<!-- embed dependencies (by artifact ID, including transitives if Embed-Transitive is true) that you dont want exposed to OSGi -->

The OSGi purists will tell us that it’s heresy to embed anything but sometimes with legacy systems it’s just too painful to deal with the classloader issues.

There is probably a better way of doing this, if so, do tell.


Sakai CLE ElasticSearch

11 10 2012

A long time ago, I wrote a search module for Sakai 2 as CLE was known then. It attempted to make every node in a CLE instance share the load of indexing and searching and make the search aspect of a CLE cluster scale elastically. To some extents it worked, but it had problems. The indexing queue was persisted in a DB table and it was based on a old version of Lucene that didn’t have anything as useful as commits. Consequently it could get its segments into a bit of mess at times. The world has moved on in the 5 years since I wrote that code, and two viable alternatives for supporting Search in Sakai CLE have emerged. Apache Solr and Elastic Search. Both can be run as remote servers or embedded. Both are solid reliable releases. It could be argued that Solr has more support for sophisticated index schema, and it’s probably true that Elastic Search is easier to deploy for elastic scaling and real time indexing as that’s its default behaviour.

For those wanting to try Sakai CLE with Apache Solr as the search server then look no further than the work that Adam Marshall has been doing at Oxford University. That allows you to spin up a Solr instance and connect your Sakai CLE instances to it. You will have to do some reasonably sophisticated master slave configuration to make it resilient to failures and don’t expect the indexing operations to be real-time. There are plenty of references to the work required to do that in this blog, and arguments why I currently prefer ElasticSearch over Solr.

Deployment and reliability

ElasticSearch comes out the box being real-time, elastic and cloud aware, with built-in AWS EC2 knowledge as well as rack awareness. Its been built to shard, partition and replicate indexes out of the box. The ElasticSearch client as I am finding out is simple to embed into most environments including OSGi and when embedded makes each app server node a part of elastic search cluster. Best of all, for the nervous by nature, is the resilience that comes from spinning up more than 3 instances in the same cluster. In fact, I have been finding it hard to damage elastic search indexes in tests. It’s perfectly possible to do all of this with Solr, but the deployer has to work a little harder adding some custom components to support a writeahead log and a Zookeeper instance to manage the cloud.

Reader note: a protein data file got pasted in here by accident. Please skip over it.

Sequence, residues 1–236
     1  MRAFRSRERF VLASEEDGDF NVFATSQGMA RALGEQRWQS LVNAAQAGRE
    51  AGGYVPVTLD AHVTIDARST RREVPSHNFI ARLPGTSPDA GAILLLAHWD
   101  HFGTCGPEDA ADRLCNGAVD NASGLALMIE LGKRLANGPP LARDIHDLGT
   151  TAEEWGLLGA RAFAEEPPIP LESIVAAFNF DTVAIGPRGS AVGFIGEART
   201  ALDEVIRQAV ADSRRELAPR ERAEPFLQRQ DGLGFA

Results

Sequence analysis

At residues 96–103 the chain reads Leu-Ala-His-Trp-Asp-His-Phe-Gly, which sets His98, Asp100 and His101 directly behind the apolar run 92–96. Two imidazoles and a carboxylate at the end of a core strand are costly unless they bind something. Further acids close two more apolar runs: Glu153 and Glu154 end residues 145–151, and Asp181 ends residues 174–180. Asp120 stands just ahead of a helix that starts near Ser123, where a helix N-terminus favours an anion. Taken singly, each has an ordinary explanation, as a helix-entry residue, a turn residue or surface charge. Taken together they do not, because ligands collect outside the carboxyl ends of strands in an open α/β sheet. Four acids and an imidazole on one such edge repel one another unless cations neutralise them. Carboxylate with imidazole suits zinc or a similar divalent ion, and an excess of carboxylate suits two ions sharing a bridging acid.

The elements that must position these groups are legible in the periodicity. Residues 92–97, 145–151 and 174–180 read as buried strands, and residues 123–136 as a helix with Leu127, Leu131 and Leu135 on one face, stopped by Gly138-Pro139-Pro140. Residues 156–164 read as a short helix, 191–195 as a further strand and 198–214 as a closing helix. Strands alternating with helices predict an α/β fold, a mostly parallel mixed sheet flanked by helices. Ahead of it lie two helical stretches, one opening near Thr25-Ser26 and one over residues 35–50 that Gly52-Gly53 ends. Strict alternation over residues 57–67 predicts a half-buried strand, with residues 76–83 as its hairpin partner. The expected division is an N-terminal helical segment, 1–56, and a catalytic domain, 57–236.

Metadata Indexing

Probably the best part of ElasticSearch is the client which is a fully multithreaded client following the same pattern Communicating Sequential Processes first described by Tony Hoare and one of the motivators for the Go language. This allows a client for submit suitably light weight indexing requests to the ElasticSearch cluster via an embedded client without needing to think about managing a queue or the latency of indexing. This nice little feature turns the 1000 lines of code I had to write for Sakai CLE  and OAE search into about 20. Initial tests show that indexing can be done within the request loop and because of the true real-time nature ElasticSearch with its write ahead log, results are available about 50ms after the transaction commits. To maintain that latency, I only index metadata via this route. Document indexing takes a different route.

Document Indexing

I found with the original Sakai 2 search and subsequent Solr based indexing of documents in Sakai OAE that indexing bodies was expensive. In some instances tokenizing office documents could place extreme strain on a JVM heap. For that reason when I did the indexing service in the Django version of OAE I did two things. I offloaded the document body indexing operations to separate processors driven by a queue of events, following the CSP pattern mentioned above, and I made the content store single instance. Where users collaborate, they often upload the same document. With a single instance content store, only a single instance of a document is stored and hence, tokenizing and information extraction is only performed once. This greatly reduces the cost of indexing. The store isn’t collision perfect but by performing a hash on the document body as its saved its possible to eliminate most if not all collisions. Certainly SHA1(ing) enough of the body eliminates all collisions.

So the document indexing processes use the index to locate documents that need to be indexed and then use the single instance content store to eliminate duplicate tokenizing. Using this approach in the Sparse Content Map content system which is already single instance has a dramatic impact on IO. Sakai CLE Content Hosting Service is not single instance at present but could be adjusted to be so once hashes are known. It would be nice to fix that aspect of CHS at some point.

Current state

I am still working on this code, and this post is part notes, part notification should I get distracted. My testbed is the Sparse Content Map content system only because it builds in 20s, starts in 5, has full integration test coverage and compliant webdav support thanks to Milton. There is currently nothing in the code base that prevents it using Spring or a Webapp container as opposed to OSGi, and the coupling is loose being event driven. The best part is the result should scale as far as ES can scale which is probably a lot larger than any CLE instance in production.